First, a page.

This one’s important, too! This section establishes that your company prohibits discrimination or harassment based on race, color, religion, creed, sex, national origin, age, disability, marital status, veteran status, or any other status protected by applicable law. It defines what discrimination and harassment are and how an employee can report it.  

Employment classification 

In this section, you need to outline the requirements for each type of employment your company offers (full-time, part-time, temporary). The Fair Labor Standards Act has specific rules for which kind of employees qualify for overtime, so in order to avoid paying damages to employees down the road due to misclassification, consult the Department of Labor.

Company specific guidelines 

Here is where you can outline your company’s own policies and procedures. For example, consider including details on  

  • Dress code 
  • How employees can and cannot use company property 
  • Privacy rules 
  • Social media use 
  • Confidentiality  
  • Intellectual property ownership  
  • Expense reporting 

Attendance and leave policies 

Be detailed in this section, as this is where the most common questions and disputes tend to come up for employees. This should be the place employees can go to get answers about  

  • Expected hours/schedule, attendance, and punctuality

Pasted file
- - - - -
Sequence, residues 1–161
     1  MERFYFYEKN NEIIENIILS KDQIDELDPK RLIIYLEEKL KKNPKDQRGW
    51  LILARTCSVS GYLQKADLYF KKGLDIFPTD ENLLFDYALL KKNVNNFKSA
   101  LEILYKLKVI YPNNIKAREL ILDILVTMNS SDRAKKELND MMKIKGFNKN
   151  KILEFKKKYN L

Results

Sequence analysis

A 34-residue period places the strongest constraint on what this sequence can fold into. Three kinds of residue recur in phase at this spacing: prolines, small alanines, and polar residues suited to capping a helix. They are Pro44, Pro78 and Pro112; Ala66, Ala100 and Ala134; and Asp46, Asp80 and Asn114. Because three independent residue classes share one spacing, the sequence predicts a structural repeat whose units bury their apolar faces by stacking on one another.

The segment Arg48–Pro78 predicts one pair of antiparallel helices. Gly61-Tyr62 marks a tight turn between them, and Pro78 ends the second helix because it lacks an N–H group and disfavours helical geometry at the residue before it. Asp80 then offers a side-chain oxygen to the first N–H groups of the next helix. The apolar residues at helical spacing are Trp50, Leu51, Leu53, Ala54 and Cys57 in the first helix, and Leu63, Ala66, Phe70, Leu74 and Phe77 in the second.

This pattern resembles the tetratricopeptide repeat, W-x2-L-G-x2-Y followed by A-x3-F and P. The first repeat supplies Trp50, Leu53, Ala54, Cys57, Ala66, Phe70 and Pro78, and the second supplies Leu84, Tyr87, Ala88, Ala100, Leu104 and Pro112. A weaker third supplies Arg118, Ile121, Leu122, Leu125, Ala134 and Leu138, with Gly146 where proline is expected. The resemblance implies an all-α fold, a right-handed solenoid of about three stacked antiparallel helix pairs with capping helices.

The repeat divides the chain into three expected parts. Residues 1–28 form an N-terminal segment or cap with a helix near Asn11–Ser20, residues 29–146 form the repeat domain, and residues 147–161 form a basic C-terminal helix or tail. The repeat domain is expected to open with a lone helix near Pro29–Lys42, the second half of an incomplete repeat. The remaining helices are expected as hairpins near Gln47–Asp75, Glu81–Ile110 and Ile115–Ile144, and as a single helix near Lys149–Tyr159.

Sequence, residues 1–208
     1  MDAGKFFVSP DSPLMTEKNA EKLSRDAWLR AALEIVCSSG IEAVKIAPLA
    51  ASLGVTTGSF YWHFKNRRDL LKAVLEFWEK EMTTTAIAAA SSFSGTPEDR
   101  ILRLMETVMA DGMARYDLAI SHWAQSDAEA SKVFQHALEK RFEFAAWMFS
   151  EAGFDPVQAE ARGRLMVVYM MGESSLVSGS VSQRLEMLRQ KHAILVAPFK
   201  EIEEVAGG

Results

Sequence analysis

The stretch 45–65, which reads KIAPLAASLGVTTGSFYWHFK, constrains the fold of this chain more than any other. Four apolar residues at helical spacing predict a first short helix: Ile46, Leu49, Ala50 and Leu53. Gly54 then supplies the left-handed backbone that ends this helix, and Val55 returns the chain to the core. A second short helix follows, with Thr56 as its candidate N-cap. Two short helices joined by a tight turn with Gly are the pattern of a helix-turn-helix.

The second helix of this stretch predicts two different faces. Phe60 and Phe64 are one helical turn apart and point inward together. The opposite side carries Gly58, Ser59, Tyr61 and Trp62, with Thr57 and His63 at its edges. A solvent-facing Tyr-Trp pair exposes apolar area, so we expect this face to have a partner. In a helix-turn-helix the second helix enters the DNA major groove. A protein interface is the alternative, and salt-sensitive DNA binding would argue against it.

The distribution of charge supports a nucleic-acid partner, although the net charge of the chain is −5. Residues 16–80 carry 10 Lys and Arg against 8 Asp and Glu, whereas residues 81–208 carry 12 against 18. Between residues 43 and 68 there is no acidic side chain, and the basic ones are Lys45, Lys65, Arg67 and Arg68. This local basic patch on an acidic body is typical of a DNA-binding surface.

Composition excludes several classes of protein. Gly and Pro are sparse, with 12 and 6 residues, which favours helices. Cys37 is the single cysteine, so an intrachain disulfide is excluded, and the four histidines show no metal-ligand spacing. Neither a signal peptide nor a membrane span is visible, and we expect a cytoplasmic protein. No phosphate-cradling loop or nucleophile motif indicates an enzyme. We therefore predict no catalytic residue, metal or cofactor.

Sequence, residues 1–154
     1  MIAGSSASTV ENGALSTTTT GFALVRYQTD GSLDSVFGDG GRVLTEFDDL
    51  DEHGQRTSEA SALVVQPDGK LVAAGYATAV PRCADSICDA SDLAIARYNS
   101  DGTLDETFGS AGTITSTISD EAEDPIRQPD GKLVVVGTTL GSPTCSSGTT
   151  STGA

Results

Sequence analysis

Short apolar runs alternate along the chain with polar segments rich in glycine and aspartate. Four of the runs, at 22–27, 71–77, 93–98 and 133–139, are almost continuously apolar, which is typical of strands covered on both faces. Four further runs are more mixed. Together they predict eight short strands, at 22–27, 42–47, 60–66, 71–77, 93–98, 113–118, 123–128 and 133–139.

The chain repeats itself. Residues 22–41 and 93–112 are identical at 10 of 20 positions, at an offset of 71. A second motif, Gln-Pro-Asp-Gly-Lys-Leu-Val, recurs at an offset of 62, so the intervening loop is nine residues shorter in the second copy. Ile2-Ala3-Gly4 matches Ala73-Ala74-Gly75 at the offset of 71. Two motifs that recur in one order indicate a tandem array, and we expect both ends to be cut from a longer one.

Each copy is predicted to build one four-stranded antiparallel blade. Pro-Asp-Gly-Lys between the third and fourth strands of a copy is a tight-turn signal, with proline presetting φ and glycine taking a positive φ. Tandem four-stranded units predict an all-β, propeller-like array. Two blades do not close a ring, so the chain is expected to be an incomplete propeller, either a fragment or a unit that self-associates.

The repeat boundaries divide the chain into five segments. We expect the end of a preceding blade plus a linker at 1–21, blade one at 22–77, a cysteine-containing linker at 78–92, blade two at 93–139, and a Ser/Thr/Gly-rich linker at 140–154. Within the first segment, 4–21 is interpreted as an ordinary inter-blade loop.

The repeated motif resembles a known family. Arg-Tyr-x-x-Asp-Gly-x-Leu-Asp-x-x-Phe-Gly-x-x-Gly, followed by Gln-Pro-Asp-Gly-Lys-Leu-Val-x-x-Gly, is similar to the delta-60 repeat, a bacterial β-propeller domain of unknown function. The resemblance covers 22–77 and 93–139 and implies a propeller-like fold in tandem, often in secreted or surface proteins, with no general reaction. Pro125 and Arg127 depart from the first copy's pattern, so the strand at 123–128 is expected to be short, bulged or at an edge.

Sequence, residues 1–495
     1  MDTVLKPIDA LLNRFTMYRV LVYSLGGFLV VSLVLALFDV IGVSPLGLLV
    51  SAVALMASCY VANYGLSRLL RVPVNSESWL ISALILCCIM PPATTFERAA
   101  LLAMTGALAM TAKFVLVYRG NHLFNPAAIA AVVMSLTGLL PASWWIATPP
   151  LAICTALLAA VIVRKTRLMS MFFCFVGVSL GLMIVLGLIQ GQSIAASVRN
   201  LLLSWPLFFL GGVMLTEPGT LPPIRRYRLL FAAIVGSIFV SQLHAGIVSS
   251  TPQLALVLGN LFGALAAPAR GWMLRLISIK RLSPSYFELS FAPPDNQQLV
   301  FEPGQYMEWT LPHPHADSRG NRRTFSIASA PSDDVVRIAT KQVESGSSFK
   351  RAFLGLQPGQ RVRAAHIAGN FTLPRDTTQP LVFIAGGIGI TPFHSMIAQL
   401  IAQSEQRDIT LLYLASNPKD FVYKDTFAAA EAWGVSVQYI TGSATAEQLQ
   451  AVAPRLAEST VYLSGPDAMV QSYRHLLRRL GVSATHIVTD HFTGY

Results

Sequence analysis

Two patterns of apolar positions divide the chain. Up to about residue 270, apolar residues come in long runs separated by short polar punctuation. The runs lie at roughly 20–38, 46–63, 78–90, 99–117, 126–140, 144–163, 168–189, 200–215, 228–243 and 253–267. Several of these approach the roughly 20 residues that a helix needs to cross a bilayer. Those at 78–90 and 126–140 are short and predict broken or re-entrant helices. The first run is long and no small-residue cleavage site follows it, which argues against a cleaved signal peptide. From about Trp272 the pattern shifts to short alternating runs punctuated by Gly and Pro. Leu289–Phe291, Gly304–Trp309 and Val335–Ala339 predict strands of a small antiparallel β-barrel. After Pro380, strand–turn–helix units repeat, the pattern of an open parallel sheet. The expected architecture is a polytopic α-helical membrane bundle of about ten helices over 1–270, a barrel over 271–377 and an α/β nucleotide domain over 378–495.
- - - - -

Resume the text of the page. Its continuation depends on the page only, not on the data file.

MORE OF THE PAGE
• Who to communicate with when you need to miss work 
  • Disciplinary action for unauthorized absences  
  • Policies on vacation, sick leave, bereavement, medical leave, military leave, jury duty/court appearances and voting 

Also note that if you have 50 or more employees, you have to comply with the Family and Medical Leave Act

Performance and discipline policies 

How can an employee expect to be evaluated on their performance and how often? What counts as satisfactory, and what will get employees get fired for poor performance? This section should answer these questions and cover expectations and penalties. Specify the grounds for disciplinary action and detail your procedures (warnings, probation, suspension, etc). Keep in mind that if you write a strict discipline policy for yourself here but don’t adhere to it, it could become binding and get you in hot water later. Don’t put any policies in your handbook that you won’t actually stick to!